back-illumination system, sending a brief light flash along each fibre from the spectrograph towards the plate. A camera records this back-illumination light and performs an image analysis. The back-illumination light is used for several purposes: to reach the required positioning accuracy and to detect if the magnetic button was properly lifted from the plate.

\u2022 OzPoz is equipped with a calibra- tion box which can direct the light either from a tungsten, or from a Th-Ar, or from a Ne lamp. In this way FF, Th-Ar and Ne calibrations can be obtained for GIRAFFE and for UVES.

\u2022 Field Acquisition Bundles (FACBs): Four magnetic buttons on each plate are equipped with a system of 19 co- herent fibres each. This bundle is used to obtain images of fiducial stars, one per button. The four images are viewed by an ESO technical CCD; the image centroids are computed and the proper offsets are calculated to centre the fidu- cial stars into the bundles. Each FACB bundle has an effective diameter of 2.4 arcseconds.

\u2022 Positioning Software: It is written around the so-called delta-task pro- gram, developed initially for the 2dF system at AAO. This program allows crossing between the fibres and it de- termines the button movements se- quence.

3. Buttons and Fibre Systems
FLAMES is equipped with different
types of fibres for UVES and for the dif-

ferent modes for GIRAFFE. It is worth mentioning that, in addition to the object or sky fibres coming from the Positioner, each GIRAFFE fi- bre slit has five fi- bres devoted tosi-

multaneous wave-
length calibration,

which provide si- multaneous cali- bration spectra for each observation acquired with GI- RAFFE (Hammer et al. 1999).

The histogram distribution of the transmission is given in Figure 2 for the different fibre types. The FLAMES fi- bres have been proven very robust, so that out of more than 1000 fibres, only a few were broken (and replaced) at the end of the whole process.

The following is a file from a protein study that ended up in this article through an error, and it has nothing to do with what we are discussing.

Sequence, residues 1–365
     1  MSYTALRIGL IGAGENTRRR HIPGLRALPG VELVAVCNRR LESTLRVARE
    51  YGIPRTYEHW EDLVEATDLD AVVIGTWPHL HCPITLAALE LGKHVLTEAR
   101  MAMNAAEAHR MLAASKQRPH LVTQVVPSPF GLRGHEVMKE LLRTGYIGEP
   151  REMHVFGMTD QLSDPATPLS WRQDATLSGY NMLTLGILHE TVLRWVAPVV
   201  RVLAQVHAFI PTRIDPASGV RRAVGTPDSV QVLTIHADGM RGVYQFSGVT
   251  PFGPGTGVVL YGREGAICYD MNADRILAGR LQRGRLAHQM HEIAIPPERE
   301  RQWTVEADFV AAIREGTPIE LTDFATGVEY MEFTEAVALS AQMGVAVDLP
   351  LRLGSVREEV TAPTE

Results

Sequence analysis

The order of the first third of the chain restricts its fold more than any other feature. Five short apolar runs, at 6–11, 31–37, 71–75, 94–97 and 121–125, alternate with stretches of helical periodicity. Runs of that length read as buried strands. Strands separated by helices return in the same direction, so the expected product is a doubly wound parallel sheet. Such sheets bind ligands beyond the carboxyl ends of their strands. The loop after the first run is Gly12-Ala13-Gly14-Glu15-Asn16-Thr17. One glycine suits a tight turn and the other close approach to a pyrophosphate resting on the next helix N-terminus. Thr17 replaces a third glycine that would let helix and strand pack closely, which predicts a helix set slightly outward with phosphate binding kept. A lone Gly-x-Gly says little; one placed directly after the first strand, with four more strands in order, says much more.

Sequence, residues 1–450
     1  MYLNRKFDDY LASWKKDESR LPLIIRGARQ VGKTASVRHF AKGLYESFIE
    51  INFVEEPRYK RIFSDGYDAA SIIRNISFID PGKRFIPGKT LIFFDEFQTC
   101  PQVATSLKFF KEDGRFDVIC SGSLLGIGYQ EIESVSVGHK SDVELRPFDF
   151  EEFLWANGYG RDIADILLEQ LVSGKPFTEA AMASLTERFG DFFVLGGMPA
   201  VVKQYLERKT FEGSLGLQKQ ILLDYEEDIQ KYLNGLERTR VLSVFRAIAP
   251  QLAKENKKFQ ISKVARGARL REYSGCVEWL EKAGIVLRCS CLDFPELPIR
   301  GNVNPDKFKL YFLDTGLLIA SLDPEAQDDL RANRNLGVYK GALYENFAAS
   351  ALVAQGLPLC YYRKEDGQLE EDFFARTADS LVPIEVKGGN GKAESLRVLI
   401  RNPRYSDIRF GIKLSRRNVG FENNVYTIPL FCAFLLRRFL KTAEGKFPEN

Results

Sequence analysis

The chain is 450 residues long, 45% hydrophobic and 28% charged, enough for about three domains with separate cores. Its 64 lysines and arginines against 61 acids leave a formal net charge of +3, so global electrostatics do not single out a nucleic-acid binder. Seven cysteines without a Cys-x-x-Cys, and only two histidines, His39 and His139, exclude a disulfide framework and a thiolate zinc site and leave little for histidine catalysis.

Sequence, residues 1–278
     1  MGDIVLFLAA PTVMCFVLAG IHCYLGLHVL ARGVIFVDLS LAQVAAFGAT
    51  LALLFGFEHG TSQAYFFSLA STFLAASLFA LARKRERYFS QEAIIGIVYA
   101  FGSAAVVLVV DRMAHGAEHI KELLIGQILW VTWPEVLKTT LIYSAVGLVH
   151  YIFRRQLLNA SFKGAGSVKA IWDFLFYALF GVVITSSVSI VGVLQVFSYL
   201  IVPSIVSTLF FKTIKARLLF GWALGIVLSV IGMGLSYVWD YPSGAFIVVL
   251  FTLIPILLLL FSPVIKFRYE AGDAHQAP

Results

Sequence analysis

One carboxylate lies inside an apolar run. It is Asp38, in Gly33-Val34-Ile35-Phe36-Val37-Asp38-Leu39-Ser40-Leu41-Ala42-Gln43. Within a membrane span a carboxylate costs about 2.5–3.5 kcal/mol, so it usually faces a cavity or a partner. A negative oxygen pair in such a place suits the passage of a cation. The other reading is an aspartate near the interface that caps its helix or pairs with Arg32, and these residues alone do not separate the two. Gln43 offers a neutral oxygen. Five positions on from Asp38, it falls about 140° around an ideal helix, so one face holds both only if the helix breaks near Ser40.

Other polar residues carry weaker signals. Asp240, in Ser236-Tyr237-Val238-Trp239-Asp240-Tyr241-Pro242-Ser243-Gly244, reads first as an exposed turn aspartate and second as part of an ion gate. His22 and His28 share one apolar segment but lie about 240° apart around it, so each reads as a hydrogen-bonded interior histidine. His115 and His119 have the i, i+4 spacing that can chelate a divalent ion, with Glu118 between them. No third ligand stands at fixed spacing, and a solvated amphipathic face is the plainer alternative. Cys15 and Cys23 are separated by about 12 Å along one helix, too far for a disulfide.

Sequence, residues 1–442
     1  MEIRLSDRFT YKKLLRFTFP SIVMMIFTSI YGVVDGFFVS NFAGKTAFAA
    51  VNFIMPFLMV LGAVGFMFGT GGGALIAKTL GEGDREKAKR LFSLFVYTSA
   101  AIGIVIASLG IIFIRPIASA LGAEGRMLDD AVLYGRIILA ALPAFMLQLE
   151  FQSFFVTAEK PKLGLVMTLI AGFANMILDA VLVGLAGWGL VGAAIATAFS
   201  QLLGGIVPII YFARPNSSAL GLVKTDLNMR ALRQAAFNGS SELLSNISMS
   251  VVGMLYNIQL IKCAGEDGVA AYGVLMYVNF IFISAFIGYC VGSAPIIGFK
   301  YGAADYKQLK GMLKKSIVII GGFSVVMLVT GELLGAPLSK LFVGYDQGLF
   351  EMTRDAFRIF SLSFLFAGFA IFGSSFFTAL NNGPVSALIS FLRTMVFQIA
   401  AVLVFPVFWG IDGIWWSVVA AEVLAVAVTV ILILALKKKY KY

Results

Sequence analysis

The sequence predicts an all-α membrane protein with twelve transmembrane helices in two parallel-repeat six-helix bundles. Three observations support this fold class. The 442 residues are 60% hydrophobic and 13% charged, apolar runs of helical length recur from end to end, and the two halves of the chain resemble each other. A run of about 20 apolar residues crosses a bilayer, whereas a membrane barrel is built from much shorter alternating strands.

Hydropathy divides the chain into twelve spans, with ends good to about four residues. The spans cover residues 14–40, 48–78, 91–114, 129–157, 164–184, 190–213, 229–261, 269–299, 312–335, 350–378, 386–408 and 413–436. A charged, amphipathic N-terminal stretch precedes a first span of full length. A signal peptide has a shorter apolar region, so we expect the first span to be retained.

3.1 UVES fibres

Each of the positioner plates hosts eight 55-metre fibres to guide the light to the UVES spectrograph located on the opposite Nasmyth Platform. From the UVES simultaneous calibration box, one additional 5-metre fibre reach- es the UVES-Fibre slit. The fibre cen- tres are separated by 1.7 fibre core, implying that there is some degree of contamination between adjacent fibres; the UVES-Fibre Data Reduction Soft- ware (Mulas et al. 2002) has been de- veloped to obtain a complete de-blend- ing of the spectra.

3.2 MEDUSA fibres

Each plate also hosts 132 MEDUSA fibres. The separation between each of the MEDUSA fibres in a sub-slit is 2.26

\u00d7the fibre core; this ensures a fibre-to-
fibre contamination below 0.5 per cent.

During our tests we have experi- enced some (about 2%) increased stray light due to reflections from the fil- ter and the (polished) exit slit. We will attempt to reduce this with a stray light mask that reduces the width of the re- flecting exit slit viewed from the side of the filter.

3.3 IFU fibres

Each Integral Field Unit (IFU) button is composed of twenty micro-lenses arranged in a rectangular shape. The micro-lenses are 0.52\u2033 squares. The movable IFUs are a unique characteris- tic of GIRAFFE and can be placed all over the FLAMES field of view, with the exception of a small fraction of the cen- tre annulus. Each plate hosts fifteen IFUs plus fifteen Sky IFUs. The sepa- ration between the fibres\u2019 centre is only

1.47 times the fibre diameter core, which implies that the contamination between adjacent fibres is about 10 per cent. With the chosen arrangement of the fibres this is acceptable since in normal seeing conditions a higher level of contamination will be present at the fibre entrance level.

3.4 ARGUS fibres

The ARGUS system is a fixed array of 14\u00d7 22 micro-lenses, similar to the IFUs, located in the middle of Plate 2. ARGUS is also equipped with a lens to switch between a scale of 0.52\u2033/micro- lens to a finer scale of 0.3\u2033/pixel. An ADC ensures that the object images at different wavelengths are maintained in the same locations up to a Zenithal dis- tance of 60 degrees. In addition to the object fibres, fifteen ARGUS sky fibres are present on the plate.

4. GIRAFFE

GIRAFFE is a fully dioptric spectro- graph. The fibres are arranged in 5 long slits (IFU 1/2, MEDUSA1/2, ARGUS) at the curved focal plane of the collimator. One of these fibre slits is placed in the working position by a translation stage. The other slits are masked. After leav- ing the fibres at F/5, the light first pass- es through one order sorting filter be-

3
Figure 2: Transmission distribution of all GIRAFFE fibres, as meas-
ured in the laboratory.
Figure 3: Transmission of order sorting filter
HR 17.